"Why?" asked the peacelike mongoose, and the word went around that the strange new mongoose was not only pro-cobra and anti-mongoose but intellectually curious and against the ideals and traditions of mongooism.
"He is crazy," cried the young mongoose's father.
"He is sick," said his mother.
"He is a coward," shouted his brothers.
"He is a mongoosexual," whispered his sisters.
Strangers who had never laid eyes on the peacelike mongoose remembered that they had seen him crawling on his stomach, or trying on cobra hoods, or plotting the violent overthrow of Mongoosia.
"I am trying to use reason and intelligence," said the strange new mongoose.
"Reason is six-sevenths of treason," said one of his neighbors.
"Intelligence is what the enemy uses," said another.
Finally, the rumor spread that the mongoose had venom in his sting, like a cobra, and he was tried, convicted by a show of paws, and condemned to banishment.

Moral: Ashes to ashes, and clay to clay, if the enemy doesn't get you your own folks may.

Amazing that I cannot recall ever hearing this fable. It is truly appropriate!

Posted via email from TweetingDonal's Temporary Insanities

01 July 2011

Texas farmers to get disaster relief | Lubbock Online | Lubbock Avalanche-Journal

It's just another random event, like the last one we told you about, be sure that you don't associate it with the deadliest April on record for tornado deaths, or any of the weather disaster records being set this year across the entire continent... well, actually across the entire planet. Clearly it's not connected to anything. 

This message brought to you via the Heartland Institute and by your local Koch Industries and Exxon Mobile Representatives.

AVALANCHE-JOURNAL

The Lubbock area's farmers realized conditions had reached critical proportions before Tuesday's declaration by Agriculture Secretary Tom Vilsack naming all of Texas as eligible to apply for Farm Service Agency assistance.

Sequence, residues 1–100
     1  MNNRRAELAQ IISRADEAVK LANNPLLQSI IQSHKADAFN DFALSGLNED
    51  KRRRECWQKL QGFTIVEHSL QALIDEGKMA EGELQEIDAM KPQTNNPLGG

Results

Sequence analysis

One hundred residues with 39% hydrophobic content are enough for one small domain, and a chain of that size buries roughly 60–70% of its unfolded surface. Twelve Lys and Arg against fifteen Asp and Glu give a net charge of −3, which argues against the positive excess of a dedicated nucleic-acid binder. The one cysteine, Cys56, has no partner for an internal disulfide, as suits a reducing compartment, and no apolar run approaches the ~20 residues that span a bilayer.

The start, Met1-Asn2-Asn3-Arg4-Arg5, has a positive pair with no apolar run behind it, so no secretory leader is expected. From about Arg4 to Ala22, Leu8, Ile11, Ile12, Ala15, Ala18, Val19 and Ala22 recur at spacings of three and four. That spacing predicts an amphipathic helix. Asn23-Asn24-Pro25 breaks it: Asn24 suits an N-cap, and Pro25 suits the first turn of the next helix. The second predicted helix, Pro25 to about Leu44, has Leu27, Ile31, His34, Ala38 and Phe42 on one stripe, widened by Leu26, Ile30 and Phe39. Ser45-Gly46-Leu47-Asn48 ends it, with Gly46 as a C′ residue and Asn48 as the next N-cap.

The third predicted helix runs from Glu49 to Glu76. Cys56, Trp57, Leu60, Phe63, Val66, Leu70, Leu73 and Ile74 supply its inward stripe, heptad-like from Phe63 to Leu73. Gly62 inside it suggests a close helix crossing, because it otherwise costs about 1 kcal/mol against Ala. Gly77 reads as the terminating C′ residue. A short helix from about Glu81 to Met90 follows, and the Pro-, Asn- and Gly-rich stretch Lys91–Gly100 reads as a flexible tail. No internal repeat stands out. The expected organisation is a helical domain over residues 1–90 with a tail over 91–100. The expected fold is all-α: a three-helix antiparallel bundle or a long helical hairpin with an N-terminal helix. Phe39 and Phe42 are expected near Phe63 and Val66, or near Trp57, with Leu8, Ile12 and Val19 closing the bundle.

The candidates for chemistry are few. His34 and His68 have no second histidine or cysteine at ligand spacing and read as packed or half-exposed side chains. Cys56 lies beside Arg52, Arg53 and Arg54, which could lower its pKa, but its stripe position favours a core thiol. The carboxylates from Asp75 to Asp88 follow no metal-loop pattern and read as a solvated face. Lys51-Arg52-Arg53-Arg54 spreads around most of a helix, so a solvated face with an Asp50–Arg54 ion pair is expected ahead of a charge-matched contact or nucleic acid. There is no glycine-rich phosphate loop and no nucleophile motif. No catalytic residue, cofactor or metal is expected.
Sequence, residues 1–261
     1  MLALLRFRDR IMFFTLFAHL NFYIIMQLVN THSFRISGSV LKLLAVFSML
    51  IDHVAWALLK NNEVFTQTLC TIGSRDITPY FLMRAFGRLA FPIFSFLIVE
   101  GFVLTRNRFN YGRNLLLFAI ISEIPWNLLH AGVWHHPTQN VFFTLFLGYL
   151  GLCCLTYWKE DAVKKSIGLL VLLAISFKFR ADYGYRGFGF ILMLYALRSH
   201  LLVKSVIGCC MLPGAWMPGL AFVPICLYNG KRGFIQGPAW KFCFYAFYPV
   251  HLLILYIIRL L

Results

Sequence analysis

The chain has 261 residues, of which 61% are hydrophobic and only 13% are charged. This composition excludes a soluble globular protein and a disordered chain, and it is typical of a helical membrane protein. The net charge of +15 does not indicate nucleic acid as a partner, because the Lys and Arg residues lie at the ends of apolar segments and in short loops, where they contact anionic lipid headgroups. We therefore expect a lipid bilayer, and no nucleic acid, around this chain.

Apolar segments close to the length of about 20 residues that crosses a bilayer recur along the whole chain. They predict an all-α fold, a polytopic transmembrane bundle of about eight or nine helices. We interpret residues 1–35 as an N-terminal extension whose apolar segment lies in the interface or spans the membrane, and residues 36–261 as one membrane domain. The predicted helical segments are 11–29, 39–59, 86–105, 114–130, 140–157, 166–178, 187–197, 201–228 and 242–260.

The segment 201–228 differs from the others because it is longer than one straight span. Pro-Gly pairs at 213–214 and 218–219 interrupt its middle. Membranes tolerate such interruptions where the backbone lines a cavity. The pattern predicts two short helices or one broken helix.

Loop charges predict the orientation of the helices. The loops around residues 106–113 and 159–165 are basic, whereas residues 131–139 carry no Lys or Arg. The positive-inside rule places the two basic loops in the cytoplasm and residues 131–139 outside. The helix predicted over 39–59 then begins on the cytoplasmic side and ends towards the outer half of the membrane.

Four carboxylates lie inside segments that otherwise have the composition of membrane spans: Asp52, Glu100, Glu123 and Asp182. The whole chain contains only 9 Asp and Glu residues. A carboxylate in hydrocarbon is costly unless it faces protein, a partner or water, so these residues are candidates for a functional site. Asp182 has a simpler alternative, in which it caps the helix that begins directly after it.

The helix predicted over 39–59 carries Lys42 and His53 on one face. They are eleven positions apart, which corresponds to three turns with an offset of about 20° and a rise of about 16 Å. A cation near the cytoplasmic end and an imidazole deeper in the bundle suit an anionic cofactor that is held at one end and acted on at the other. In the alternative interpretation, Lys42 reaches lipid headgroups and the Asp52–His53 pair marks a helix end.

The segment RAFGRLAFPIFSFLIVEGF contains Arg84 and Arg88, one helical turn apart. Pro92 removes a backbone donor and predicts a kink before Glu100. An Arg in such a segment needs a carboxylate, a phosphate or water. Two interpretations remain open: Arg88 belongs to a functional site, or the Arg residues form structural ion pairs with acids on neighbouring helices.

Mike Swain, who farms south of Brownfield and also is a Terry County commissioner, said he has logged 35/100ths of an inch of rain since Oct. 21.

"I will be real honest, I don't need a loan - I need rain," Swain said.

Vilsack's disaster designation for 213 counties, along with their contiguous counties, means farm operators in all 254 counties may turn to the FSA because of the conditions of "drought, excessive heat, high winds and wildfires."

The designation makes emergency loan assistance available for eight months.

"FSA will consider each emergency loan application on its own merits, taking into account the extent of production losses, security available, and repayment ability," the announcement states.

Farmers also may file applications in 2012 for 2011 crop losses under the Supplemental Revenue Assistance Payments Program.

Tyson Knight, who farms in Lubbock and Hale counties, said, "I've never seen it as dry as this year has been. We've had some dry years, but we've always had some wintertime moisture."

About 60 percent of his farming operation is on irrigated land, with the other 40 percent dryland.

Knight predicts the irrigated crops will make money this year, but the dryland, where cotton never came up, will zero out.

Steve Verett, executive vice president of Plains Cotton Growers, said, "It is good that the USDA has recognized the serious nature of the drought in Texas. Agriculture needs to have available all programs that could be helpful in trying to make it through these unprecedented conditions."

According to U.S. Rep. Randy Neugebauer of Lubbock, the USDA has taken the correct action to help farmers and ranchers mitigate damage caused by wildfires and drought.

"I hope that FEMA will quickly follow suit and declare a major disaster declaration for affected Texas counties," he said.

Cattle farmers hurt, too.

"A lot of people have lost their livestock, their homes, their fencing. Fencing costs anywhere from $5,000 to $10,000 a mile, depending on how you do it," said Swain.

"I have neighbors down here who say if it doesn't rain by the Fourth of July, they're going to have to sell their cow herd. And they've been years building it up.

"Beef may become a real luxury, instead of 'Hey, what's for dinner?' "

Swain farms 4,000 acres, mostly devoted to cotton. He has irrigation wells, but in the extremes of the current drought, the wells can't keep up with the need.

"I am pulling two pumps to get back to where I can water ... and to what end? There's no way I can stay with it without some help from Mother Nature," Swain said.

He thinks of the disastrous conditions in a context that is becoming national in scope. People all over have suffered from too much water or not enough, and the nation's bread basket seems to have suffered the most, Swain said.

"Nothing destroys like water and fire. The good Lord used water the first time, and they say he's going to use fire the second time. Those must be the two best - he would know.

"They totally and utterly destroy."

And the drought extends below the surface, Swain said.

"We dug a sceptic tank the other day - the lateral lines go down 7 feet - and there was absolutely no moisture. They were pulling out clods half the size of the hood of a car.

"It's scary."

To comment on this story:

ray.westbrook@lubbockonline.com • 766-8711

leesha.faulkner@lubbockonline.com • 766-8706

Pay no attention to that little man at the controls behind that oil drum.

Posted via email from TweetingDonal's Temporary Insanities